In addition, each of the Visual Studio 2005 Team Editions includes Visual Studio 2005 Tools for the Microsoft Office System.

Perhaps one of the largest challenges to team software development is collaboration and communication. To answer that, Visual Studio 2005 introduces a new server product, Visual Studio 2005 Team Foundation Server. Team Foundation Server is the nexus for Visual Studio 2005 team software development. Using deeply integrated core services, Team Foundation Server provides version control, work item tracking, and build automation. In addition, Team Foundation Server integrates with Windows SharePoint Services to provide a project portal site and SQL Server Reporting Services to provide project reporting.

Figure 1.7 – Visual Studio 2005 Team Foundation Server

Figure 1.7
– Visual Studio 2005 Team Foundation Server

Using a model similar to SQL Server, Team Foundation Server requires a Client Access License (CAL) for clients to connect. Each of the Team Edition products includes a CAL and Team Explorer functionality. For those that require each of the Team Edition products on one desktop, there’s Visual Studio 2005 Team Suite, which flattens the three Team Edition products into one.

Figure 1.8 – Visual Studio 2005 Team Suite

Figure 1.8
– Visual Studio 2005 Team Suite

In addition, you can purchase Team Foundation Server CALs for using Team Explorer with Visual Studio 2005 Professional Edition and Visual Studio 2005 Standard Edition to provide integrated Team Foundation functionality.

Figure 1.9 – Visual Studio 2005 Team Explorer

Figure 1.9 – Visual Studio 2005 Team Explorer

If you’re working on a project that cannot migrate to Visual Studio 2005 just yet but you’re anxious to start using Team Foundation Server, you can purchase Team Foundation Server CALs and use Team Explorer side-by-side with Visual Studio .NET 2003 and earlier versions of Visual Studio. Although you won’t enjoy the integrated experience found in Visual Studio 2005 you’ll be able to take advantage of Team Foundation Server’s core features, such as version control and work item tracking.

Figure 1.10 – Visual Studio 2005 Team Explorer with Visual Studio .NET 2003

Figure 1.10 – Visual Studio 2005 Team Explorer with Visual Studio .NET 2003

Bottom line – Visual Studio 2005 represents a quantum leap in the evolution of Visual Studio. With the addition of Visual Studio 2005 Team System, Microsoft has expanded into the software development life-cycle tools market.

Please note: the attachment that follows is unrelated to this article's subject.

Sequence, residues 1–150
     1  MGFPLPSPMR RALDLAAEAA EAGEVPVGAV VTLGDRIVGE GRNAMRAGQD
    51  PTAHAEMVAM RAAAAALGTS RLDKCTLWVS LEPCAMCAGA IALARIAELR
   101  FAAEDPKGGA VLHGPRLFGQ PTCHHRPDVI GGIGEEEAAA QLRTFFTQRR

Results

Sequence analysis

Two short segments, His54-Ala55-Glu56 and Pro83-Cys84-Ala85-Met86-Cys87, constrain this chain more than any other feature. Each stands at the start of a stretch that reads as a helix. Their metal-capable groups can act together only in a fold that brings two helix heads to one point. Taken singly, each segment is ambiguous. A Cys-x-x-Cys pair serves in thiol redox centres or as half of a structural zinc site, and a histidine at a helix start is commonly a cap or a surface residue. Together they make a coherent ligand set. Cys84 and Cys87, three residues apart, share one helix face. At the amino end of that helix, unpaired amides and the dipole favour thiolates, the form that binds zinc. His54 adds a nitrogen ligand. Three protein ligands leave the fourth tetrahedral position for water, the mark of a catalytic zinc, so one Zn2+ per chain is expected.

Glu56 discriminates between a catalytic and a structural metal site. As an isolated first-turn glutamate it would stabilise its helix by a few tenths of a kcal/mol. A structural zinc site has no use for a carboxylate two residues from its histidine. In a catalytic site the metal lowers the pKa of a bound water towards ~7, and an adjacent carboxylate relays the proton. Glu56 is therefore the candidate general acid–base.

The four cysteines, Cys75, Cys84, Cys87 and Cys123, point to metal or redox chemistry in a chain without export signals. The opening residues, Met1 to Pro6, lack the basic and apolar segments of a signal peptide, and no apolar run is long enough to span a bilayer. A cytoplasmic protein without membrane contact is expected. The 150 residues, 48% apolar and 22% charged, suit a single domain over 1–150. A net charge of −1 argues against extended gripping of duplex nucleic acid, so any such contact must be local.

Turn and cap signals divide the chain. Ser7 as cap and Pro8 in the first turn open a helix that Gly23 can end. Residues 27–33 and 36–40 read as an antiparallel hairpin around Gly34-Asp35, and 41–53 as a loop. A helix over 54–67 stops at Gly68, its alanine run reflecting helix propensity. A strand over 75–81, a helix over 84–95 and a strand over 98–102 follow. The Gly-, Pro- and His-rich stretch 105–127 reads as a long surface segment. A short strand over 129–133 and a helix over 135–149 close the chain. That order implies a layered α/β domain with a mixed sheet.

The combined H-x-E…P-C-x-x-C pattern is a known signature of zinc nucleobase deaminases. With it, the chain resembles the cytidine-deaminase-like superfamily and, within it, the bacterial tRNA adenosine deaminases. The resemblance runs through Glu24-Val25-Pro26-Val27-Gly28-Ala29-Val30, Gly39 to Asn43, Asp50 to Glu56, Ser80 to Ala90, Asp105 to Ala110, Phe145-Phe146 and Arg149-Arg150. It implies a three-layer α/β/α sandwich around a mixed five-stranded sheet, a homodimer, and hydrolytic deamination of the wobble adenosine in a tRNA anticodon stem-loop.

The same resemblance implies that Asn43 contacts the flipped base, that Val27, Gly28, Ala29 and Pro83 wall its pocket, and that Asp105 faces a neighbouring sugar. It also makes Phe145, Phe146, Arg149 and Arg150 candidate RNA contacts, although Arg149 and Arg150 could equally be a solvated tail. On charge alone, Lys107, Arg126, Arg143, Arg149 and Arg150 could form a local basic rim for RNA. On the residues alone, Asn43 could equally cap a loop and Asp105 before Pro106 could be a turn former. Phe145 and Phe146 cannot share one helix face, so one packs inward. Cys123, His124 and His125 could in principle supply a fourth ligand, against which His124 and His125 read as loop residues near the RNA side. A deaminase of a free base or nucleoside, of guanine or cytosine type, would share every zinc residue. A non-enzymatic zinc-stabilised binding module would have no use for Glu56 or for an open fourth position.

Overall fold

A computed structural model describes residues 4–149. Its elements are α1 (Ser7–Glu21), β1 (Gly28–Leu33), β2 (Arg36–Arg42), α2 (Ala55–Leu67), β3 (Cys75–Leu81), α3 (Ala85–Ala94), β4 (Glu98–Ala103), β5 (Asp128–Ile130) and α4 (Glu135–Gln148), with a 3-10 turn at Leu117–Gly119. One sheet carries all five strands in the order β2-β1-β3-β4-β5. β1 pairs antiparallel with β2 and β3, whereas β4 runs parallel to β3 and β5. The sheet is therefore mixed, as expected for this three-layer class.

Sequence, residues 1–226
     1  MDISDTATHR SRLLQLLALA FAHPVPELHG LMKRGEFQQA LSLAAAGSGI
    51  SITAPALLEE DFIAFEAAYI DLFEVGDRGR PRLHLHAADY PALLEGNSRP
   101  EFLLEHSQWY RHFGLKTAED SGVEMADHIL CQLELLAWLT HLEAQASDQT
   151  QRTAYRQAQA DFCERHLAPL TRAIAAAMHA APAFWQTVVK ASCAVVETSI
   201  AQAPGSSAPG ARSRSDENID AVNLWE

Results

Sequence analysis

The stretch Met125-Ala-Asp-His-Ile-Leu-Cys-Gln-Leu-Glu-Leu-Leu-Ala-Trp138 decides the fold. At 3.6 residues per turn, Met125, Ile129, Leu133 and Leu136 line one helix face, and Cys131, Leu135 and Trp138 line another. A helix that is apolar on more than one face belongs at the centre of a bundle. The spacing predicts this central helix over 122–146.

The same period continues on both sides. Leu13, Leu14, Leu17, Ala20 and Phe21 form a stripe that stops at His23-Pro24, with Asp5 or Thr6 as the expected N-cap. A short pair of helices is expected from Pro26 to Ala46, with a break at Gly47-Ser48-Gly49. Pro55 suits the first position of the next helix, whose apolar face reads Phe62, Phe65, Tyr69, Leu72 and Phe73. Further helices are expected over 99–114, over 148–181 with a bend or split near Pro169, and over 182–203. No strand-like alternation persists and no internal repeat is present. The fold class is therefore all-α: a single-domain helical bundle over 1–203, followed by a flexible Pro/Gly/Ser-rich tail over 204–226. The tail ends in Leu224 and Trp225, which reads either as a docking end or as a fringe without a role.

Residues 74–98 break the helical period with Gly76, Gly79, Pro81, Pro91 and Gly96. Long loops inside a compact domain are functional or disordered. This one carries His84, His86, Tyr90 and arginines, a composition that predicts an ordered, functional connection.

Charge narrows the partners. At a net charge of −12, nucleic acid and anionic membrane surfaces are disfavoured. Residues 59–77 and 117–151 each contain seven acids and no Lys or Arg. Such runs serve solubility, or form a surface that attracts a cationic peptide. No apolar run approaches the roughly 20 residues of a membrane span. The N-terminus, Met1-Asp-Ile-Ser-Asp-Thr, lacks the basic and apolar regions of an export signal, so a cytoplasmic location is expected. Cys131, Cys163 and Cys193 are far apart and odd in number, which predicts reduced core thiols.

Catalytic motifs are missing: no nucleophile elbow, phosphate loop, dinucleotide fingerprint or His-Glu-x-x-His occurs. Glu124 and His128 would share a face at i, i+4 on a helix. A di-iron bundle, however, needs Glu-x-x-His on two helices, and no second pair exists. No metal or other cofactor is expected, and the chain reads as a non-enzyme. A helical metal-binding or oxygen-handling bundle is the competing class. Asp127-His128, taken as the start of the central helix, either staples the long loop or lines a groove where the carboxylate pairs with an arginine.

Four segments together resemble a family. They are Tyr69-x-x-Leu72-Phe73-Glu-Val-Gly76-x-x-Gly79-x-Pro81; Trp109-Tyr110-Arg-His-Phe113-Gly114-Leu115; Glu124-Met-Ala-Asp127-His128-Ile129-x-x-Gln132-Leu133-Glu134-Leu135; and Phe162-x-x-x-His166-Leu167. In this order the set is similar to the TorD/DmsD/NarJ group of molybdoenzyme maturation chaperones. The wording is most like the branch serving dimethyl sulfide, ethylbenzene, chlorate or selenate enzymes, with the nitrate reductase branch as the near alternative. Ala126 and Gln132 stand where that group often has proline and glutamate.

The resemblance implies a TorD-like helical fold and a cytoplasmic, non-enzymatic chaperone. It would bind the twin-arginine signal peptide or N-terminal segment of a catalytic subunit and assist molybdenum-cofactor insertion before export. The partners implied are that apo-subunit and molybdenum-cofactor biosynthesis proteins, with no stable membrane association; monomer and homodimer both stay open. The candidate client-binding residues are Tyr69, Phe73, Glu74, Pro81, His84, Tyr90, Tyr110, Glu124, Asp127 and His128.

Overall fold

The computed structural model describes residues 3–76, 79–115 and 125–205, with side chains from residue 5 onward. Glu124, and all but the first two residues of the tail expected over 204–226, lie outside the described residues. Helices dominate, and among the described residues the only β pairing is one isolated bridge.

In Part II, I’ll explore Visual Studio 2005 pricing and licensing.

  • Visual Studio Team System
    I’ve kicked-off a series of posts that I’ve dubbed “A Hitchhiker’s...
  • Dude. That's an awesome explanation of it all. Well done!
  • In the text between Figures 1.4 and 1.5, did you mean to refer to the "Enterprise Architect" and "Enterprise Developer" editions once each, instead of "Enterprise Developer" twice?
  • "In the text between Figures 1.4 and 1.5, did you mean to refer to the "Enterprise Architect" and "Enterprise Developer" editions once each, instead of "Enterprise Developer" twice?"

    Yes, I did. Thanks for the copy edit. Fixed.
  • Is is possible to use Team Edition for Developers without connecting to a Team Foundation Server? For example, I am a single user working at home office... lets just say I dont need the 'server' aspects of the product but I want to use integrated nunit, profiling, etc., Is this possible?
  • Hi Rob,

    This is a great synopsis of the various version of VS. Keep up the great work on the blog.

    Cheers,

    ET
  • preetty coooll!
  • "Is is possible to use Team Edition for Developers without connecting to a Team Foundation Server? For example, I am a single user working at home office... lets just say I dont need the 'server' aspects of the product but I want to use integrated nunit, profiling, etc., Is this possible?"

    Yes.
  • Why not just open the architecture and seperate functionality into plugins and charge modestly for those if your boss forces you to. I dont want to be tied into particular languages, compilers, 'team' software, plugins, platforms, vendors, controls, databases or proprietary file formats. No matter how hard you try you won't be able to write as many plugins as the rest of the world can.